Of all the things I have passed on to The Who (and there are many, genetically speaking) the one I am sorriest about is perfectionism.
This is a personality trait of mine that I didn’t really understand or acknowledge until pretty recently, but once I saw it, I couldn’t unsee it. Sometimes, it’s a non-issue. Or even works in my favor. When I’m doing something I’m good at, my perfectionism makes me precise, focused, and yields great work. But when it’s something I am unsure of, it ruins me. It makes me anxious and preoccupied and overwhelmed and gets in my way of completing things that need to get done.
The Who exhibits some of the same behavior. A lot of it, I know, is his age. He’s figuring out what he’s good at and what risk-taking looks like and how to manage his own expectations of himself. Actually, to be perfectly honest, maybe it’s not as bad for him as I’d thought it might be. He’s much more willing to try things and fail lately, even though the failure is often really disappointing for him. But that, we can manage. Helping him deal with frustration and disappointment feels a lot easier than trying to get him to just try something he might not be perfect at.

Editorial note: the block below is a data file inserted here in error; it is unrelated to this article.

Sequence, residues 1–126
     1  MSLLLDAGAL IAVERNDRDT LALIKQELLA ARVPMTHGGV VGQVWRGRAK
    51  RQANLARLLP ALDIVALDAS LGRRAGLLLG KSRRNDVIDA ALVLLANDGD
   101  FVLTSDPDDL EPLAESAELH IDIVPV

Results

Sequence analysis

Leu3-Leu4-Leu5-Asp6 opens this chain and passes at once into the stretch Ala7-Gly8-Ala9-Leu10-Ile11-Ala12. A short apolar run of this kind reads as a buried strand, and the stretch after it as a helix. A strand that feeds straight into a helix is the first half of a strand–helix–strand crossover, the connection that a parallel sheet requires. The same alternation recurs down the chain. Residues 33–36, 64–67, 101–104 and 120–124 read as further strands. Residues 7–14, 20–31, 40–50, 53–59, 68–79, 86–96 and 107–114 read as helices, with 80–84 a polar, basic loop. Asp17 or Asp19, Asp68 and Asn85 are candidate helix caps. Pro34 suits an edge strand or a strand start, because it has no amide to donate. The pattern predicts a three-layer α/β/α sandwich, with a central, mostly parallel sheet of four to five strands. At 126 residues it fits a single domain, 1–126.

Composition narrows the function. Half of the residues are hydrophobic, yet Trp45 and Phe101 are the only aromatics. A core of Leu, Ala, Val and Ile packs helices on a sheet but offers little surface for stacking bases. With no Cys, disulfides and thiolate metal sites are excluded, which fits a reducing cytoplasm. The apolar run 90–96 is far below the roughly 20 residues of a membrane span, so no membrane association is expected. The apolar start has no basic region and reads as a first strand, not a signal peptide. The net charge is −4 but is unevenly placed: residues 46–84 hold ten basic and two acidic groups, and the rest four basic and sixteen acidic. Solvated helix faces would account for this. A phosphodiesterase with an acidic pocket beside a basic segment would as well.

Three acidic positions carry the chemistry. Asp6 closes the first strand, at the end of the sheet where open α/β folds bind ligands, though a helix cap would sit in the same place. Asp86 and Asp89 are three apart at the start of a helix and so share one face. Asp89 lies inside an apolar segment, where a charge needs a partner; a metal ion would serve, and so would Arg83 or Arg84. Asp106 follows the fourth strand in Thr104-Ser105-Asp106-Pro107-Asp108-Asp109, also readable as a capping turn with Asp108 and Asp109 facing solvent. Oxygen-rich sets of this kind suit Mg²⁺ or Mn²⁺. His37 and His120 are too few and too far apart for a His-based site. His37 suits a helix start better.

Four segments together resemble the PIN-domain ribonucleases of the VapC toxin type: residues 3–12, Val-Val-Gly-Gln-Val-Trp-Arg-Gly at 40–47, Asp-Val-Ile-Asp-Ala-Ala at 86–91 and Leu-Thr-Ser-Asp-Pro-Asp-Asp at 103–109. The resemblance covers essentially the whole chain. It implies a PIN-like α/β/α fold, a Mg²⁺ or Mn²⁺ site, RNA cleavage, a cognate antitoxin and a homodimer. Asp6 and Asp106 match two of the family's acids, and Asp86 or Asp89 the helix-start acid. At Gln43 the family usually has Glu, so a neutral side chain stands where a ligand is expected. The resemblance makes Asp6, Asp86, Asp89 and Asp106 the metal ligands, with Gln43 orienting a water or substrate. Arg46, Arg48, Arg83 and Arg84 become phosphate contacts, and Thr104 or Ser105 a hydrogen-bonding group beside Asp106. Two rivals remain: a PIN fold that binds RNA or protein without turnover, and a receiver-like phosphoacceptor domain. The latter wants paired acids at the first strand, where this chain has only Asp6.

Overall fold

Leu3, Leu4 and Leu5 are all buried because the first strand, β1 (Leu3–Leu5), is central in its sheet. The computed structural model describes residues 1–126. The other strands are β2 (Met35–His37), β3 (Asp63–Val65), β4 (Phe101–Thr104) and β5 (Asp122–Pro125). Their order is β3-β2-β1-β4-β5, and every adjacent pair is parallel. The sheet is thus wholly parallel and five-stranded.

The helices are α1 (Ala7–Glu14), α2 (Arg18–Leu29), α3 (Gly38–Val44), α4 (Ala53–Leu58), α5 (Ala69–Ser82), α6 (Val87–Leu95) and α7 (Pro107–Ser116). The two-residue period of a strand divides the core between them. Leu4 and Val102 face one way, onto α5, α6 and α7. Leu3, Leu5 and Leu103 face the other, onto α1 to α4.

There are still some things he just won’t do. He won’t learn to ride a bike. He won’t try to conquer monkey bars. And he tells me it’s because he doesn’t think he can do it and he doesn’t want to fail. (To be fair, he does think he will try them someday and history does show that when he’s ready, he’s just ready, so…) But, still, I see him taking risks elsewhere. Submitting his writing for contests, signing up for basketball, digging into a new recipe with me (the one thing that seems to trigger my own problematic perfectionism, inonically.)
Ok. So maybe it’s not so bad. Maybe this distasteful trait isn’t actually repercussive for him after all. Maybe I just passed down flappy ears, an extreme propensity for chattiness, and killer timing with the puns. He could’ve done a lot worse, I suppose.